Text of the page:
Condition Monitoring Condition-based Maintenance Reliability

Condition Monitoring Barriers Dropping

EP Editorial Staff | September 18, 2020

This mobile user device controls a wireless condition-monitoring system that can economically automate vibration data collection. With this solution, a mesh network protocol enables sensors to exchange data, navigating around obstacles such as pipework and liquid storage tanks.

Advances in data acquisition and analysis mean maintenance and operations teams can spend more time improving reliability.

By Chris James, SKF

For as long as there have been machines, people have understood the need to monitor and maintain them. While the principle of industrial plant asset management remains constant, the methods have evolved from reactive to predictive maintenance.

The future of maintenance strategies however takes this even further. Predictive maintenance uses insights gained from machine data to forecast when a problem is going to arise with a machine, allowing maintenance to be performed before the problem escalates to failure. At the heart of this is condition monitoring, i.e., the practice of collecting and analyzing data on specific operating parameters.

Manual or automated?

Companies can collect machine condition data in two ways. The manual route involves equipping maintenance teams with handheld devices they can use to measure and record parameters during routine “walkaround” inspections. The automated approach involves installing permanent sensors on assets that transmit data across a network.

Choosing the correct approach for any given asset requires an organization to balance the costs of collecting, communicating, storing, and analyzing the data against the reliability benefits the data delivers. In practice, that means many organizations use permanently installed systems in their most critical assets and rely on handheld data collection for the remainder.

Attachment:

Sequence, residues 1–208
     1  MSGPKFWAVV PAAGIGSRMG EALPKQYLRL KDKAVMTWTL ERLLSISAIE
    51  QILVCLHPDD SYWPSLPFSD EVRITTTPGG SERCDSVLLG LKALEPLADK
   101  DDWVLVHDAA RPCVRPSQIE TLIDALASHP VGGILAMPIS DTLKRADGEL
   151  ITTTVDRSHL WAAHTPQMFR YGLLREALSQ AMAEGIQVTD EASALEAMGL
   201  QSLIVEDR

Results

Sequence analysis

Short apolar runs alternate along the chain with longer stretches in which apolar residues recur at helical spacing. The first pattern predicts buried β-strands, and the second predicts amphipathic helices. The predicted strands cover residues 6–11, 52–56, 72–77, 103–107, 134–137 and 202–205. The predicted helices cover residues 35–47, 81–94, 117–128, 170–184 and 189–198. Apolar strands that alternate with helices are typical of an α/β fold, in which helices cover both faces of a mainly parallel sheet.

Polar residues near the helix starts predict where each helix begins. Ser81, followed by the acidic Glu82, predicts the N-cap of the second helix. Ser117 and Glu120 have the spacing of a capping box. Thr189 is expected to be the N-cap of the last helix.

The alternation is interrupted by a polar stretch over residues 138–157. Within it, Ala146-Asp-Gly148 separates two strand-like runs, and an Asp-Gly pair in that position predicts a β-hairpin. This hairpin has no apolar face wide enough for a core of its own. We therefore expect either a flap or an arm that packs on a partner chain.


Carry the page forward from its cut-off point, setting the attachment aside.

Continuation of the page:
Changing the game

When it comes to condition monitoring, the digitalization process we’re experiencing in industry transforms both sides of the cost-benefit equation. It will drive a big shift in the way companies collect data from their machines and in what they do with that data once they have it.

First, the cost of permanently installed data-collection systems is becoming less expensive. In part, that’s thanks to the development of robust, inexpensive sensors and processing electronics. More important, it’s because connecting those sensors has become cheaper and easier to do. That matters because installation labor, along with dedicated cabling and communications hardware, can make up 60% to 75% of the total cost of a permanent condition-monitoring system.

Going wireless

Today, companies have several options to reduce data-collection costs. They can connect data acquisition devices directly to their existing wired networks or they can go wireless using secure wi-fi networks that are increasingly common in factories and other industrial facilities. A new generation of low-power wireless “mesh” network technologies makes it possible to install sensors that can operate for years on battery power alone. While deploying these sensors is easy, the energy budget still needs that balance against the asset’s criticality and wired alternatives.